The weather here in Orange County, CA has been very mild. We did have a cold spell for a week or so where the day time temps were never much above 60 F (15.5 C) the past week brought temps as high as 80 F (26.7 C). I have been surfing and skiing since I was a boy and I still enjoy both sports. Yesterday along with some of my friends we spent the morning at San Onofre surfing in 2-3 ft swells and relatively warm water 60 F. We quit surfing around 11 AM and after driving home, rinsing out the wet suits and eating great meal prepared for us by our wives, we loaded up two cars with our skis and drove to Big Bear in the San Bernardino Mts. We skied from 5 to 9 PM, enjoyed another great meal ( mexican food) we drove home. Southern California is a great place to live! Weather today here in Orange was 60 F (15.5C) humidity 70%, Dew Point 49 F, Pressure 30.22 in.

I have a book that I’d like to recommend. “RNA Life’s Indispensable Molecule“, James Darnell, Cold Spring Harbor Laboratory Press, 2011. This book is a fantastic review that is accessible to anyone with an interest in the history of the rise of molecular biology and in particular the part that RNA has played. The author has spent 50 years studying RNA and he has provided a wonderful, well referenced, readable story of those years. I also would like to recommend the book “Biochemical Pathways: An Atlas of Biochemistry and Molecular Biology, 2nd Ed., Gerhard Michal and Dietmar Schomburg, Wiley 2012. Anyone who has ever been in a biochemistry laboratory will be familiar with the wall chart showing the Biochemical Pathways which is currently in its 4th Ed (Roche Diagnostics, Mannheim). This book presents the pathways, networks, and systems that have been elucidated with the advent of omics. The second edition has been enlarged and contains by the authors’ estimate at least one half more material than the first edition. It is available in a Kindle Edition.

Once again I hope that you all have a wonderful holiday season and that the New Year is filled with successful grant applications, accepted papers, happy and productive graduate and postdoc students, and TWIV episodes.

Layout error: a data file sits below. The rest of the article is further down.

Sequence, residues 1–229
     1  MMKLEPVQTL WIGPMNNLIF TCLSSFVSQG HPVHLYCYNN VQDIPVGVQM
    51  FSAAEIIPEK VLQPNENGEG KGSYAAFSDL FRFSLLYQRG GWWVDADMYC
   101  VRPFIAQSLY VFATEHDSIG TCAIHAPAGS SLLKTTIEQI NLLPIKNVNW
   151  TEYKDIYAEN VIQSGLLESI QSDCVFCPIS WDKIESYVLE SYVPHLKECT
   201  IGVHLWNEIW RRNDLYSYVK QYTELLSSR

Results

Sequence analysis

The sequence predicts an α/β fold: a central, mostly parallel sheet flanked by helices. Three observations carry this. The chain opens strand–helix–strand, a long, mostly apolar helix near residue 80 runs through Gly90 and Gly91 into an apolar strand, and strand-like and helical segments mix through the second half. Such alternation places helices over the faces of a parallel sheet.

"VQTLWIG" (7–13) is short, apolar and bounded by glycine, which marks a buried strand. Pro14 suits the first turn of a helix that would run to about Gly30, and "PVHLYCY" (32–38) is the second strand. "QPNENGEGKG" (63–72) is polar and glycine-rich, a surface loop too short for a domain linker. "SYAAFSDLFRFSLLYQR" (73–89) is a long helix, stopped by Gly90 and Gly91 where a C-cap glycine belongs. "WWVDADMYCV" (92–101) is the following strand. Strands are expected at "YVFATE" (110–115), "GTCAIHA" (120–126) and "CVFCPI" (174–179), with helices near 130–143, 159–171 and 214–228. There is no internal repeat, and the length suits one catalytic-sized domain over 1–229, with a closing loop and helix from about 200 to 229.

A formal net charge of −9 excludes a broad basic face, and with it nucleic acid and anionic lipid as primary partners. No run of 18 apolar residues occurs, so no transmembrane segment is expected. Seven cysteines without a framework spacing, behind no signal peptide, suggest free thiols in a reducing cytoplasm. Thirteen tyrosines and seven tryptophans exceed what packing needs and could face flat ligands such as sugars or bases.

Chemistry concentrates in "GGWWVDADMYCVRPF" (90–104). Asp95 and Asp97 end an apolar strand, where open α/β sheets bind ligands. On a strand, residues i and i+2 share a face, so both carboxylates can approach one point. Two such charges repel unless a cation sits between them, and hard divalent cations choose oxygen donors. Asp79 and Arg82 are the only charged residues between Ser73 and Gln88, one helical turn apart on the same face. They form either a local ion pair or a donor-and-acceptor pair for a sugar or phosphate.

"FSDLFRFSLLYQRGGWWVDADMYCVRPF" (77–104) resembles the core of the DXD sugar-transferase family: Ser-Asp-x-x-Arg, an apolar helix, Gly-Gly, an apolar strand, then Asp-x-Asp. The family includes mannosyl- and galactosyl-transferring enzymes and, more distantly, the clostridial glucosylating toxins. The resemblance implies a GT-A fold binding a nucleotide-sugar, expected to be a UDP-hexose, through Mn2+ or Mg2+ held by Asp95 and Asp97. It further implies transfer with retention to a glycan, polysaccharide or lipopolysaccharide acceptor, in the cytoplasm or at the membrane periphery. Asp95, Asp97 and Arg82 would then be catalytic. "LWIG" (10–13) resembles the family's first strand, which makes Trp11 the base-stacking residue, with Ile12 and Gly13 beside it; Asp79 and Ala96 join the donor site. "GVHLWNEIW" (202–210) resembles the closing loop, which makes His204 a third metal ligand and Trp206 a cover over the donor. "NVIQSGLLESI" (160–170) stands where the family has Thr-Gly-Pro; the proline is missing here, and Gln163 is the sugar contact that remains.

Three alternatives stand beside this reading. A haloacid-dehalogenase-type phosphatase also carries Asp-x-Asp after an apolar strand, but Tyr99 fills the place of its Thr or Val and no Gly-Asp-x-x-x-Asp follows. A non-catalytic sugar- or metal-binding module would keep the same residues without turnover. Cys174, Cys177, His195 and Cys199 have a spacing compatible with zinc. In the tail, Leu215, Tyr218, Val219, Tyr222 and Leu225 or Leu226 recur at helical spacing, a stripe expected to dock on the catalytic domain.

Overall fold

Yours truly,


David writes:


Dear Vincent Racaniello,

I am an MSc graduate of virology and currently working as research assistant at Urmia University of medical science, West Azerbaijan, Iran. I want to thank you and twiv for all these great podcasts but sadly, I should tell you that we did not know about the twiv and its podcasts until recently, and since then I recommend it to all of my friends in the field of virology in our country. I have searched among all episodes but did not find any twiv about the Human Cytomegalovirus and its reactivation and latency. If it is possible, please make an episode about it in future. Thanks in advance.

Best regards

Robin writes:

Pleo & Poly

Pleo: a continuum of variation.

Poly: multiple but discrete.

Victor writes:

Thought you might appreciate this

  • Bill Jackson

    I have heard about the discussion concerning whether or not a virus is alive. We know cells are alive, and they carry out the needs of the multicellular organism it is part of as well as it’s own molecular housekeeping. A virus does none of this. It does not live, it does not metabolize, create or destroy proteins, o9r do any of the things that are the hallmarks of life. It is a mechanism or program in stasis and as soon as it encounters the correct cellular attachment it delivers it’s program to the cell along with assorted ‘hacking’ molecules that make sure the cell runs the viruss’ program – which it does and in time the cell emits the newly created virus particles, via budding, lysis or ??

    So since a virus does not metabolize on it’s own, when it is alone it is not alive. Even when in a cell, you might say the cell lives and has been diverted from it’s original task into a virus factory – so has become a living slave, as long as it lasts.